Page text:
This armadillo is an armadeal-o.
What’s orange, rolls around, and is an eShop game most likely worth your bucks? That’d be Armillo, a 3D puzzle/action platformer that spans over multiple planetary systems (and dimensions) in outer space and features a cute armadillo tasked with saving his home planet. While the premise is mostly entertaining, Armillo excels best when it just focuses on its gameplay mechanics. Fusing the core genres into a superb, unique blend that gets more interesting with each new element makes Armillo stand out in its own sort of special way.
Your primary action is rolling around as the titular armadillo is curled up into a ball. Maneuvering around bumper, bomb, and obstacle-filled environments (as well as simply being a platformer) makes it necessary to have good controls. For the most part, the controls were fine, making it easy to boost around and collect as many currency-like orbs as possible. The simplistic two-button control scheme makes it a breeze to jump right in. Whether it’s the high-sky paths or solving a puzzle in the dark dimension, rolling as a means of travel simply felt good and smooth--and the boosting definitely helps.
Unfortunately, the 2D levels (or Secret Levels as they’re called) did not feel quite as fluid as the 3D levels. For some reason, I had a hard time jumping to where I wanted to at times. The timer felt a smidge too fast as well, making these Secret Levels more difficult than the main levels. At the same time, the diversity of each 2D level still makes them worth trying, as they each have their own engaging ruse, especially with the fantastic music. The soundtrack throughout the whole game is great to groove to, but the 8-bit songs for the Secret Levels captivated me most of all.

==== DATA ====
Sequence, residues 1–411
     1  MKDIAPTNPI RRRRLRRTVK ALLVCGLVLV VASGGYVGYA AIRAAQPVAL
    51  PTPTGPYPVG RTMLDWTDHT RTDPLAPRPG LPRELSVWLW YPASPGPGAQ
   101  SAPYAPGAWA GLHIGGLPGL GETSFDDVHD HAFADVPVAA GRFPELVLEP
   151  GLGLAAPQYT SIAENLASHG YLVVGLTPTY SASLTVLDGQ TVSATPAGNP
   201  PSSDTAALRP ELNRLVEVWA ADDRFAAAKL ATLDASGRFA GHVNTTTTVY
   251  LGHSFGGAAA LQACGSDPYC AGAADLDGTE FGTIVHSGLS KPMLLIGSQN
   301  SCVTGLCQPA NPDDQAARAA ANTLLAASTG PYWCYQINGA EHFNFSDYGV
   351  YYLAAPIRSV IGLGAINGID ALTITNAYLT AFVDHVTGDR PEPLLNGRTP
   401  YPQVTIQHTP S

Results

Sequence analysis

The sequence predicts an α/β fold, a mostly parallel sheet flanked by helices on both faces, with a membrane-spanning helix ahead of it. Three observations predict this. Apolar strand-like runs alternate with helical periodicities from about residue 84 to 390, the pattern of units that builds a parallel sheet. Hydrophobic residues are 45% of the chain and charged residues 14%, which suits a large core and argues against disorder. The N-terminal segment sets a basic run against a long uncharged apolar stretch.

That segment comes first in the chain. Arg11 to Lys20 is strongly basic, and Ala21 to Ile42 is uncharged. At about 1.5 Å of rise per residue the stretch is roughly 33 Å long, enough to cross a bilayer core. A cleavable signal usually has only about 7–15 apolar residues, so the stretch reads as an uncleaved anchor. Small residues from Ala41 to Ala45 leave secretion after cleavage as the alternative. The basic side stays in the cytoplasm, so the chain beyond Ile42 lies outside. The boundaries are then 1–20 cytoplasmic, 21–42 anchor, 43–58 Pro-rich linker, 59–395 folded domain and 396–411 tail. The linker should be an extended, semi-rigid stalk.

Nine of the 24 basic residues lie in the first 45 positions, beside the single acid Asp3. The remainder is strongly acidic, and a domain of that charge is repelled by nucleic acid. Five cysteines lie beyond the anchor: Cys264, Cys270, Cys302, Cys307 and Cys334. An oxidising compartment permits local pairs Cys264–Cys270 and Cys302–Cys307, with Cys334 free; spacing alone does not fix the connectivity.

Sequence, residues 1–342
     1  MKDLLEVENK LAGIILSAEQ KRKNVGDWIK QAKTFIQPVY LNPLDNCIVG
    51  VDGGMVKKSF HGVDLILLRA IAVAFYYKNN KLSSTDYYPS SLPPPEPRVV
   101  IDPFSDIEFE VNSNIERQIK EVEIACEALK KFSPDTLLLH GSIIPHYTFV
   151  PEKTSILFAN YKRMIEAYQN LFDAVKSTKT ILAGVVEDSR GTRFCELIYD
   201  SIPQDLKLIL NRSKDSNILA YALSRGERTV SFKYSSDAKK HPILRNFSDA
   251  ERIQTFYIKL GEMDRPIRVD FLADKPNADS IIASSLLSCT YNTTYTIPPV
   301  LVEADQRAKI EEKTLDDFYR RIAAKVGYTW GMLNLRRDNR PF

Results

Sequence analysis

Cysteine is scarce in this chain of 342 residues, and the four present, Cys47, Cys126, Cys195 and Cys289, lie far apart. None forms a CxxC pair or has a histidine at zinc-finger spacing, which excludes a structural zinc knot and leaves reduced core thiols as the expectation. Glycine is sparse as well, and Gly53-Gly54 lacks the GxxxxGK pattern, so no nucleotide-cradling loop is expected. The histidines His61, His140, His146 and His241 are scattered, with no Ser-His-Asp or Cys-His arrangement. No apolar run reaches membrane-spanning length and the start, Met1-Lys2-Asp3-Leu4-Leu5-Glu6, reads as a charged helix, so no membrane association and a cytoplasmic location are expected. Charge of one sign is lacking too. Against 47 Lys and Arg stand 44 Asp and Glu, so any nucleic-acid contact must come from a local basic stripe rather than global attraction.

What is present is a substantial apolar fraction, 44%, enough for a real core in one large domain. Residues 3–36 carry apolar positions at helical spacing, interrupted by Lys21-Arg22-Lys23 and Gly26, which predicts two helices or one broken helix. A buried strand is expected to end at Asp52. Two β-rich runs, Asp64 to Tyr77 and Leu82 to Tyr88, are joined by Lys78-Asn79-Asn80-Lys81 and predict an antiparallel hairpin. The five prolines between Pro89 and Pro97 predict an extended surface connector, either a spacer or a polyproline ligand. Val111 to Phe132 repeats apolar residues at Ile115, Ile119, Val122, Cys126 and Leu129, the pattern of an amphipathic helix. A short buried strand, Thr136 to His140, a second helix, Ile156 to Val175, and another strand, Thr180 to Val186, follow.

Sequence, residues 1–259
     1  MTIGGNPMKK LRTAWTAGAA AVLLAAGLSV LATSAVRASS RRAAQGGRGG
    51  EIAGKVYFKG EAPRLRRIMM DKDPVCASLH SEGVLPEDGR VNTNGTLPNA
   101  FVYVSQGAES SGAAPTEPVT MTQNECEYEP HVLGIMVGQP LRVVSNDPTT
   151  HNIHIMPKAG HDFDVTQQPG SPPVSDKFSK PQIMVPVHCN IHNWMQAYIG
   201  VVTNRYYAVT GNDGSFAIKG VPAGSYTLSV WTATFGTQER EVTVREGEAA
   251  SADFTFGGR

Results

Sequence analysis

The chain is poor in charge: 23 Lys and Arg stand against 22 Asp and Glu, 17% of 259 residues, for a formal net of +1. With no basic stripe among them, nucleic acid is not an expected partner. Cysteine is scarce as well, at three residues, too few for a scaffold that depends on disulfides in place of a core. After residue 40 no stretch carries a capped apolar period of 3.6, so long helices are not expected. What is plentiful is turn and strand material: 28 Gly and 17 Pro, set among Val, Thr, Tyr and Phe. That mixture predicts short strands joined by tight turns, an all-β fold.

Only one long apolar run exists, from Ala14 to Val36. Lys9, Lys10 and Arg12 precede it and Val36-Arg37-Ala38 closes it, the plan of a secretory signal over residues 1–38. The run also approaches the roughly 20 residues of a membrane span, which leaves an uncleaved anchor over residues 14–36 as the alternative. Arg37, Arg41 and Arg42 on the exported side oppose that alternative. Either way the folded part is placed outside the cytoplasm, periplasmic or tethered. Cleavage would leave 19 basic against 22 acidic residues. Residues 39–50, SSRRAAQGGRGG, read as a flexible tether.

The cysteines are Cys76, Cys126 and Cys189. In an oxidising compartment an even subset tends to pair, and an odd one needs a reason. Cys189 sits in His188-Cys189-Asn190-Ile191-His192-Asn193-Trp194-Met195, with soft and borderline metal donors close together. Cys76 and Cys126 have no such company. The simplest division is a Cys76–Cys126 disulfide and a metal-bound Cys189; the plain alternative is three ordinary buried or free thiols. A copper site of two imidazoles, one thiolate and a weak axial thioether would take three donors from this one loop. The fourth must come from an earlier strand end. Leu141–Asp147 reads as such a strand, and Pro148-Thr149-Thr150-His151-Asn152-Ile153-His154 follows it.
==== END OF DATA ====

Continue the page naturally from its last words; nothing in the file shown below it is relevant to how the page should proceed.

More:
As for abilities, it seems as if developed Fuzzy Wuzzy Games had a good ol’ time with those as well. From growing in size, to boost-bashing, to shooting your newly-acquired Critter friends out of the ever-helpful Critter gun, Armillo’s abilities all felt like they belonged in the playful (but dark) world. None were too frequently used, nor too sporadic. But I think I do have to favor the Critter gun, which lets you demolish what’s in your way, leaving vibes of proud badassery.
However, it's times like those, where a lot is going on, that makes it look as if the frame rate drops for a second or two due to the game loading some things on the fly. While this happens rarely, there are a couple times where it appears choppy enough to note, even though it runs at a smooth 60 frames per second throughout. It's not a major detractor by all means, but is unsightly when it occurs.
Using the orbs you collect in each level, you can also buy upgrades and more from an in-game store. The upgrades include extra health, starting lives, extra time, and more, and almost all of them are worth buying. Armillo makes you work for them, though. I often came up short for the upgrade I wanted to buy, forcing me to collect more orbs by either continuing the story or further perfecting a run in already beaten levels. Either way, this is more or less a change of pace from your average title, as a surplus of currency is usually the trend. The challenge is nice.
In the end, I finished the game at a mere 58 percent. Revisiting levels is rewarding, especially since there is a lot left to unlock and discover in each one even when you finish the main story, which is a fun romp by itself. Basically, I’d say there is no reason to not at least check out this neat, novel game. It’s an easy-to-pick-up, fun title that just about anyone can enjoy.